Court rejects indefinite detentions; detainees must have access to courts, counsel
Cases also have implications for proposed Guantanamo administrative review procedures
Washington, DC (June 28, 2004) – In light of today’s Supreme Court decisions in Rasul v. Bush, Hamdi v. Rumsfeld and Rumsfeld v. Padilla, the National Association of Criminal Defense Lawyers will redouble its efforts to obtain counsel and access to federal courts for civilian detainees at Guantanamo Bay Naval Base, Cuba, and U.S. Naval Brig, Charleston, S.C. NACDL will also continue to provide amicus curiae support for detainees seeking petitions for their release under the federal habeas corpus statutes.
“The ancient right to be held only under the rule of law and to petition the court for a writ of habeas corpus was already part of our common law heritage at the time of our independence. The Founders considered it so fundamental as to specifically write it into our Constitution,” NACDL President E.E. (Bo) Edwards said. “As critical as detention may be for those who pose an immediate threat to national security during a conflict, history and common sense teach us that an unchecked system of detention carries the potential to become a means of oppression and abuse of those who present no threat at all.
“For over two years, the Bush Administration have tried to have it their way, not the Constitutional way. These decisions are a stern rebuke. The Executive Branch may not be the sole arbiter of who is detained and for how long. Detainees must have access to counsel and the courts,” Edwards said.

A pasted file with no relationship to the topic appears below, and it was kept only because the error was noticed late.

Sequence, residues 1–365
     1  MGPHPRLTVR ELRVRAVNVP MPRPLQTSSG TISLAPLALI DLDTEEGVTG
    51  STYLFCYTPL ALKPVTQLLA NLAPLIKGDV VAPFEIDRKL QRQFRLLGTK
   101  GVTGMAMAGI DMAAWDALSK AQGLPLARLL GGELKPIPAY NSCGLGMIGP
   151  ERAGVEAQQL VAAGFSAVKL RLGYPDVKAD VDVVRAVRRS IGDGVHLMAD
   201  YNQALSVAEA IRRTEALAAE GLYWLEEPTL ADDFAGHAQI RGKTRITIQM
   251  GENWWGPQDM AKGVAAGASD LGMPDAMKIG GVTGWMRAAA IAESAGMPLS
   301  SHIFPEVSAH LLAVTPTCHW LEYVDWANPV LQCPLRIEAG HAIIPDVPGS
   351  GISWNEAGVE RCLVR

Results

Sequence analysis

President-Elect Barry Scheck, who met with Navy Secretary Gordon England June 23 to discuss the draft procedures for review of individual detainees, predicted that the Defense Department will go back to the drawing board. “The Secretary of the Navy’s administrative review procedures are dead in the water. The secretary can no longer be the final judge of who deserves repatriation and who must remain imprisoned year after year. Since the Court recognized today that all military detainees in U.S. territories, citizen and non-citizen alike, have the right to counsel, the Navy’s draft administrative review procedures, which do not allow legal counsel or outside review, are directly at odds with today’s decisions and must be completely revised to comply with the Court’s orders. Whatever the final procedures, any adverse determinations will be subject to review in a court of competent jurisdiction.”
“Another major effect of today’s decisions will be to bring instances of abusive interrogation to light in a credible, neutral forum. The Court also reaffirmed the right of citizens and aliens alike to be free from abuse, even when lawfully detained. Prisoners and former prisoners will now begin to have some recourse for injuries sustained during detention and interrogations,” Scheck added.